No one knows exactly how many women, men, and children have been abducted by Boko Haram since the terror group began its insurgency in 2009, though, kidnapping has been part of its operational strategy even before the infamous seizures of school girls from Chibok in Borno and students from Dapchi in Yobe. Chineme Okafor recently spoke with some family members of Boko Haram’s abductees
For years, Mohammed Gambo has lived in Bulabulin Bolibe area of Jere in Borno State but with an impaired vision. He told THISDAY during an encounter facilitated by the PAGED Initiative that kidnapping of people in the state was a longstanding menace, though only very few people spoke about it or even had the means to speak about it. Borno is the most affected state in the North-east, which is the epicentre of Boko Haram terrorism.
Wearing a depressed look, Gambo narrated to a THISDAY correspondent, who was with a group of social researchers from the PAGED Initiative, how a good number of his family members were abducted by Boko Haram. He explained that no one actually knew where they were now and if they were still alive.
In his account of what happened the day his father and his wives where kidnapped from his home, Gambo said but for providence, he, too, would have been a victim.
“My father asked me to come to his house, but I couldn’t go. That same day, my dad and two of his wives were abducted. If I had gone, I probably would have been abducted as well,” said Gambo.
The PAGED team were in Borno to have a personal knowledge of how people who fled their homes following Boko Haram invasion had managed to settle in new abodes within Maiduguri and its environs.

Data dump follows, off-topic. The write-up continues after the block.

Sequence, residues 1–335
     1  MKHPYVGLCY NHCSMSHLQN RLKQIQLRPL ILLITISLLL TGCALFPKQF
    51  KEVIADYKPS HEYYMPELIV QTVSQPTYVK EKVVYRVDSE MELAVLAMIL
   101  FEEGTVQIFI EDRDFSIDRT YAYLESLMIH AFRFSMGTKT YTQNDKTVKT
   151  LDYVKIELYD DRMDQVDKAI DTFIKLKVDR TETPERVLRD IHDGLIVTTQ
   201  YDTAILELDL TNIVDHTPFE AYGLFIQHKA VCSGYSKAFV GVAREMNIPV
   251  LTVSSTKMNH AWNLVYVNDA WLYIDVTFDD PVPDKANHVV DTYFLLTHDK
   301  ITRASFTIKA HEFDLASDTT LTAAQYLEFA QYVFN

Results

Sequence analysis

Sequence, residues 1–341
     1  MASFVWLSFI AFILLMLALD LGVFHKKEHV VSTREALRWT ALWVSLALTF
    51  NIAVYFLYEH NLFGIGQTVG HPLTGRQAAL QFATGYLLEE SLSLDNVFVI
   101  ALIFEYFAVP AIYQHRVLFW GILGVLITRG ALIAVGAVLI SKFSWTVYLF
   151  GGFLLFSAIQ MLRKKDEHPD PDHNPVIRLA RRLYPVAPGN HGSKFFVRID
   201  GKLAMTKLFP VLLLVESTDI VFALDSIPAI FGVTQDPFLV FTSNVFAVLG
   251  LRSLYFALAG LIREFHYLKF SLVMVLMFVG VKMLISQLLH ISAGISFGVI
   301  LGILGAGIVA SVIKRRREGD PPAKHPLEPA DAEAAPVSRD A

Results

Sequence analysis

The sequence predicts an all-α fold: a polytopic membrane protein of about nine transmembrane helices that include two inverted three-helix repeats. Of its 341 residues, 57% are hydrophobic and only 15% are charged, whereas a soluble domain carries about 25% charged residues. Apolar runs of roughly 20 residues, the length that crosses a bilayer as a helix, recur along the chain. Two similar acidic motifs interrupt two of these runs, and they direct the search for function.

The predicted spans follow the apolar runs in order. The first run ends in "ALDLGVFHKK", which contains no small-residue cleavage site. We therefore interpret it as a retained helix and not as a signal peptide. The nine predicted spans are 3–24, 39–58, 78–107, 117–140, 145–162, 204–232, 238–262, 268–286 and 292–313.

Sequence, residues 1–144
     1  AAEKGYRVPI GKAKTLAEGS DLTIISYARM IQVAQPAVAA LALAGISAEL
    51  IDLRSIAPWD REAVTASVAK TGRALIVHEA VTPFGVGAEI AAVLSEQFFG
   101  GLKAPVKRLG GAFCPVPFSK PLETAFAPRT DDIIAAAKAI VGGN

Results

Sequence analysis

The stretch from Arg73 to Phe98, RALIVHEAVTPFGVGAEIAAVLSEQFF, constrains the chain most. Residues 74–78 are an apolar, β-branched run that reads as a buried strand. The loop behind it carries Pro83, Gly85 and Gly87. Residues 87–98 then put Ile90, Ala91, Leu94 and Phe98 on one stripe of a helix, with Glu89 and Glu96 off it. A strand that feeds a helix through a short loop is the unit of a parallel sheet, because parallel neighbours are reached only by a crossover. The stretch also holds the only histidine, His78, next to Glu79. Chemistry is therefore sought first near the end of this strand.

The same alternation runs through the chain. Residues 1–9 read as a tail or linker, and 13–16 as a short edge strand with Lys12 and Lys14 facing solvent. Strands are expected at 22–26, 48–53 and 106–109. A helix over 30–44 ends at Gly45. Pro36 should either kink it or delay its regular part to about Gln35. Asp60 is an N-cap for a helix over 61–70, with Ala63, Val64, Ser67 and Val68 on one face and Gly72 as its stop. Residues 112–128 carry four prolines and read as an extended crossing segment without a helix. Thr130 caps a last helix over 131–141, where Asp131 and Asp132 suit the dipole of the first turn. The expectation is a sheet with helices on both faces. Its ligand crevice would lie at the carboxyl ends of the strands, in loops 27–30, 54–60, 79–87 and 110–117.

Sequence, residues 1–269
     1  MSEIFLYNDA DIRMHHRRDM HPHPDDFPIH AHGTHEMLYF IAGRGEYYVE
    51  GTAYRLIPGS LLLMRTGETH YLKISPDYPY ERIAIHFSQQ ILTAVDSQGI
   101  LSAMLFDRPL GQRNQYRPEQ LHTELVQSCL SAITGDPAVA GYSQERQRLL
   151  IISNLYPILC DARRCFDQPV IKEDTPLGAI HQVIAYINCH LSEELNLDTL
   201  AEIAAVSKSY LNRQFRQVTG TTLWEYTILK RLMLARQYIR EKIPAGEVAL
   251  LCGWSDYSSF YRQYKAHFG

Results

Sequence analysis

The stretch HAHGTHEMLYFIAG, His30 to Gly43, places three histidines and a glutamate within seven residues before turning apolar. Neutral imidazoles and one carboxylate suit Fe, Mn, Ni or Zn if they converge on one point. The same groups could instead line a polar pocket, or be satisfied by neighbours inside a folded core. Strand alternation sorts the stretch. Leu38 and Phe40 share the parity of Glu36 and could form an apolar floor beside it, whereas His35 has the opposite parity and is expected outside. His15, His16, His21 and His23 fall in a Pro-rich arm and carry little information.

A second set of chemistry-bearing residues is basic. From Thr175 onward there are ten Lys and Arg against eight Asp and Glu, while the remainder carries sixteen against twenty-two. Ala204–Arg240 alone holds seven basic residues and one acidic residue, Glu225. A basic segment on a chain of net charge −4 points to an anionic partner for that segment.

According to Gambo, as the years rolled by and the terror group continued its abductions across communities in Borno State, he discovered that 15 members of his family – immediate and extended – who were seized by the terrorists were yet to find their ways back home. He lamented the death of one of his relatives and said he was informed about the death by one of the terrorists.
Similar to Gambo’s experience was that of Modu Sheriff, who told the PAGED team that four members of his family were abducted and were yet to be found. Bukar Mallam Abba, another victim, told the team that five members of his family were abducted, just as Ali Goni Bukar, a victim, stated that one member of his family was abducted and still unaccounted for.
Sheriff, Abbah, and Bukar, all currently live in Bulabulin Bolibe, a sprawling community that is probably the most affected in Borno, which houses lots of people displaced from their communities by Boko Haram.
“When my community in Damasak was attacked, we escaped through the river to Gamari in Niger Republic and later came to Maiduguri through Damaturu. I will never go back to my community because it brings back bitter memories and I have seen a lot to last me a lifetime,” Bukar explained through a translator.
Bulabulin Bolibe’s Untold Abduction Stories
Loosely translated as a new town in Kanuri language, Bulabulin Bolibe harbours many untold stories of families whose relations have gone missing. They settled there because Boko Haram has chased them away from their respective communities.
Ba Umar, a victim reminisced on how the sect stormed his community to kidnap young people perhaps for conscription. He explained that while two of his brothers went missing that day, some other people also died on that occasion.
He said: “They came to my community for the purpose of abducting young people. In the process, six people that I know were slain. I ran to Mainari then to Ngom at 11pm. To this day, I still haven’t heard from two of my brothers.”
Similarly, Mohammed Muazu, who left Bama when it became too difficult to reside there, explained that he hadn’t set his eyes on his wife and six children who he said were taken by Boko Haram.